- The National Institute of Mental Health (NIMH) noted that ABA has become widely recognized as an effective treatment for individuals with autism (see treatment options section).
- The National Institute of Child Health and Human Development stated that “… applied behavior analysis (ABA), [is] a widely accepted approach that tracks a child's progress in improving his or her skills…”
- The Surgeon General of the United States stated, "Thirty years of research demonstrated the efficacy of applied behavioral methods in reducing inappropriate behavior and in increasing communication, learning, and appropriate social behavior" (1999).
Several states have assembled task forces comprised of parents and professionals to develop guidelines and position statements. These committees identified ABA procedures as representing best practices:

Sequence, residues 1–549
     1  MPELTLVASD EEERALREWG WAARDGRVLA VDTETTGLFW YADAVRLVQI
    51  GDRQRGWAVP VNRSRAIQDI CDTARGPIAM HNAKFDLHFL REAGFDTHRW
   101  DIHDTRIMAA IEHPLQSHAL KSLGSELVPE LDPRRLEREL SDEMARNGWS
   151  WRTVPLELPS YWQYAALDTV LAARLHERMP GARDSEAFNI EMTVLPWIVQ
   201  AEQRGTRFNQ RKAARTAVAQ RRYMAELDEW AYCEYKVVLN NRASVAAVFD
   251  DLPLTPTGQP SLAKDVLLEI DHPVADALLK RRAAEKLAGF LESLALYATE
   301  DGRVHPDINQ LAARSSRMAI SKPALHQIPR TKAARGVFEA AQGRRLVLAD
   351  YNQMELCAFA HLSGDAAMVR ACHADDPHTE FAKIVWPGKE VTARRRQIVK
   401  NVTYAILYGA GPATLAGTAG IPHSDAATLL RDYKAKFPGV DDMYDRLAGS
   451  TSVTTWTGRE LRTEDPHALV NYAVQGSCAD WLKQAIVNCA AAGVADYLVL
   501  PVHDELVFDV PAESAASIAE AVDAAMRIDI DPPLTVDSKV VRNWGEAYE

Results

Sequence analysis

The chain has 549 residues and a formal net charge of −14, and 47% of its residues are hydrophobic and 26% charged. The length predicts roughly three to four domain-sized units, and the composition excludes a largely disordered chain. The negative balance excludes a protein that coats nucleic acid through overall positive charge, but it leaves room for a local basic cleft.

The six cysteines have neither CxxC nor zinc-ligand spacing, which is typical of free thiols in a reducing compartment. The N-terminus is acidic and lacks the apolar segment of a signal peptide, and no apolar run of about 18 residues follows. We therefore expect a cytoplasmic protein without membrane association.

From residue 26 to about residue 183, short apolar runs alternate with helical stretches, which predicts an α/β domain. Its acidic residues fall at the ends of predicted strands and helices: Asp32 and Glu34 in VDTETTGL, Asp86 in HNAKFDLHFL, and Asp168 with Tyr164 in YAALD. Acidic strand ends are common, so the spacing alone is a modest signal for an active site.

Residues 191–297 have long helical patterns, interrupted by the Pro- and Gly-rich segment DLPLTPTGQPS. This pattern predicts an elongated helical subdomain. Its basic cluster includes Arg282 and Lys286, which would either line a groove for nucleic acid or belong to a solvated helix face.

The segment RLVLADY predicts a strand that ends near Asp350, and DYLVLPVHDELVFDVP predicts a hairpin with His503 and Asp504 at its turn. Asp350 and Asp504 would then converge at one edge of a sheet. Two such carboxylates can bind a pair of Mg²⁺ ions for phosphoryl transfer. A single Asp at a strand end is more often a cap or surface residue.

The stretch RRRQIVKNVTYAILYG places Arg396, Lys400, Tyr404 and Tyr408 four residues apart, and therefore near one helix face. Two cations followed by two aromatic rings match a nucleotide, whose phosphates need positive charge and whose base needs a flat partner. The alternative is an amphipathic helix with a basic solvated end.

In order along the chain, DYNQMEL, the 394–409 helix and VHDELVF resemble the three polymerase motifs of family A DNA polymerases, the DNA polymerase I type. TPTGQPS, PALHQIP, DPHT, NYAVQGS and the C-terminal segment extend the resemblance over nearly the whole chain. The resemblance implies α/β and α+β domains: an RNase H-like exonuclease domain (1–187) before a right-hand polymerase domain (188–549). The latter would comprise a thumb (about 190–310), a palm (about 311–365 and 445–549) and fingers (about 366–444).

Task Force and Position Statements:
- The California Senate Select Committee on Autism and Related Disorders: During an informational hearing on Health Insurance Coverage for Autism Spectrum Disorders (ASD) in 2010 and 2011 the California Department of Insurance concluded that “…Applied Behavioral Analysis (ABA) therapy is a medically necessary treatment for individuals with autism.” Furthermore, it was determined that “ABA therapy is neither experimental nor investigational; and leads to significant improvements in IQ, communication and language skills, and adaptive behaviors; as well as to reduction in self-injurious behaviors.” The reviewers further noted, “providing such essential health care treatment to children with autism results in enabling them to learn in school, succeed at work, and participate fully and productively in family and community activities, thereby providing a better quality of life for the patient and the family”.